She will continue to be freaked for a while, possibly several weeks, but sooner or later her curiosity is going to take over, and you will notice a lot of sniffing (and hissing) of the puppy, and of the puppys belongings. Let her take her time getting use to this. Imagine being a child, and your parents brought home a freaky looking alien to live with you, and had no way to explain to you what it was or why it was there, you would probably freak too.

It took our cats about a month to stop dashing for cover if they even saw the dog looking at them, and a few months before they stopped hissing at her every chance they got. They ignore each other now, except for the youngest cat, who plays and sleeps with the dog more than he does the other cats.

Good Luck!
post #13 of 28
Here is a picture of my lovebirds

post #14 of 28
You don't lock the cat in the closet, but you also don't let a puppy run uncontrolled with the cat. A puppy with big paws and lots of exuberance will easily hurt a kitten or a cat, or get clawed or bit in the process. You put them together in controlled situations, puppy on a leash with a harness on, not a choke collar. If the pup is calm around the cat and not straining or barking, feed the puppy a treat and praise him for behaving. If he is straining, pull him back and keep him by your side with your hands on him to comfort him and let him watch the cat. It doesn't happen overnight, but it does work.

post #15 of 28
well, we are three days into it now. sumalee (my kitty) is slowly acting a little less freaked out and actually following the puppy (8 wks) around to sniff him, but then if he comes towards her, she runs for the highest place and hisses big time. It is definitley getting better though.

Here's another question - toys. My kitty is very playful and loves her toys - she is only a year and a half old. Now the puppy is here and loves toys - he keeps trying to go for her toys. so far I have separate toys for him which the cat is interested in too. should I try to keep their toys separate from each other (especially the cat's from the puppy)? or just let them play with whatever they want. I'm a little afraid puppy will ruin kitty toys and she will be mad that I let him have them.

any experience with this? does it matter?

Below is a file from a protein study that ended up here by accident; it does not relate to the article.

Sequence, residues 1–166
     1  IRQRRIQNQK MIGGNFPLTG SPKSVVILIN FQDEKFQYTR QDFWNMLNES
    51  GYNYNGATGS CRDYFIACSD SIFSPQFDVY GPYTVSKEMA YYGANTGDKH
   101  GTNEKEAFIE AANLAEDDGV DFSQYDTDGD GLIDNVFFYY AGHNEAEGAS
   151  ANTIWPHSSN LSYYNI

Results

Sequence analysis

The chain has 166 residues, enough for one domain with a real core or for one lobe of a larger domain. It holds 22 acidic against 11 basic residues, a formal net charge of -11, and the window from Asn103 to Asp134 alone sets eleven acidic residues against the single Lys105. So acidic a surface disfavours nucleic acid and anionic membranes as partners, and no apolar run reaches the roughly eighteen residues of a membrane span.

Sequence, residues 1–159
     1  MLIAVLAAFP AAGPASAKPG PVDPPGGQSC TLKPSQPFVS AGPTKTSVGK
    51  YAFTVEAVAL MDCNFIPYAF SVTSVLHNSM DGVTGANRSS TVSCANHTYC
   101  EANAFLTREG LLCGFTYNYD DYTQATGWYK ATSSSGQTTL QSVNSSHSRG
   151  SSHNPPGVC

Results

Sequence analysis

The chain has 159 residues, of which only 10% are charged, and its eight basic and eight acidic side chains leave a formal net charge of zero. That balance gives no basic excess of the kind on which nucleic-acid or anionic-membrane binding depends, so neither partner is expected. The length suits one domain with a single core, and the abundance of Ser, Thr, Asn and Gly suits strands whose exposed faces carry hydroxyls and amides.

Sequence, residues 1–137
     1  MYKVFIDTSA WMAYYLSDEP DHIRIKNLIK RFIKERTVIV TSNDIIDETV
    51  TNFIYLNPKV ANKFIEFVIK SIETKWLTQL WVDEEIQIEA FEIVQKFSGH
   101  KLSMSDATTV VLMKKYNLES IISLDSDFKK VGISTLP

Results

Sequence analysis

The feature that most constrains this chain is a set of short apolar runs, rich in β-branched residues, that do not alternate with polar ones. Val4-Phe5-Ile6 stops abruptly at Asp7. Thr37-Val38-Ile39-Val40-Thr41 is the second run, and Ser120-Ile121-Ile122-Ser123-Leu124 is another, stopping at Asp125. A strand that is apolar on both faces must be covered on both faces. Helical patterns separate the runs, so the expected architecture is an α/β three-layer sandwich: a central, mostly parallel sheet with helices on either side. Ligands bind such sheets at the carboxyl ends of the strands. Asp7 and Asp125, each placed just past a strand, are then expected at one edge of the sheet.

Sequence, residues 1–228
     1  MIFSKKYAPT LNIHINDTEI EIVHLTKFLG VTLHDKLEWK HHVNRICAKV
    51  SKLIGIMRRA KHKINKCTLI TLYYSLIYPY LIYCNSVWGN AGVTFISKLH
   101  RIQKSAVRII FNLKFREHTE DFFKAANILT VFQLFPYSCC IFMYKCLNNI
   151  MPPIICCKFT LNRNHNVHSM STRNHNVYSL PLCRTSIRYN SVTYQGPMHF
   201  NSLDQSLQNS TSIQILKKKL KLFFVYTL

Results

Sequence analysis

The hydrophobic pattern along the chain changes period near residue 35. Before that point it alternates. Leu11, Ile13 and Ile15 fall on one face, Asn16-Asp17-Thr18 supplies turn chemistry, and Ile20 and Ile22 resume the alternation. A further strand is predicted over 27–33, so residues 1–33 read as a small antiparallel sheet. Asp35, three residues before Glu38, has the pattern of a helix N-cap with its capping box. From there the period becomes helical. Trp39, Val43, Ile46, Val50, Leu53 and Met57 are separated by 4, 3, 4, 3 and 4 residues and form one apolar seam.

post #16 of 28
Just don't give your dog any toys that he or she can swallow or choke on, and no catnip toys either. My cats love those rawhide chews- more then the dogs do... Sounds like you are doing a great job!
post #17 of 28
thanks Hissy for that quick reply. so you don't think I have to worry about possessive territory with the cat and her toys? Actually a new development since that last post. sumalee (cat) just kind of attacked bogey (puppy) she jumped him twice and he cried and now he is hiding behind me. do you think I should worry that she might actually hurt him badly? Guess I better monitor closely for awhile. Maybe she has made her point now for him to back off. But she can be rather aggressive and bites me too. I guess it's a heavy case of first child syndrome. I 've heard lots of stories of young kids trying to get rid of their new siblings when they first come home.

Also, the cat is probably a little stir crazy. she usually goes outside for a few hours a day and I haven't let her out since I got the puppy cuz I'm afraid she'll be mad and not come back.

Kitty also just intercepted puppy's little ball when I tossed it and she took it away - a good soccer interception! (It is a tiny plush soccer ball!)
post #18 of 28
She is just asserting her authority. After all in nature they are actually prey and predator and she has to have the upper hand (being prey) When you say she jumped him how so? Did she stay on him and you had to separate them or did she leave on her own accord?
post #19 of 28
"She is just asserting her authority. After all in nature they are actually prey and predator and she has to have the upper hand (being prey) When you say she jumped him how so? Did she stay on him and you had to separate them or did she leave on her own accord?"

Oh no, she didn't stay on him - just jumped on him in a little of an attacking way, but really a big pounce - don't know if claws were involved and then kept running. He cried out and she did it again a few seconds later. then she settled down and he was hiding behind me. guess she was just doing some heavy asserting. But he weighs about a half a pound and she is 10 pounds. I'm taking him to the vet tomorrow for shots and check-up and will ask what they think too.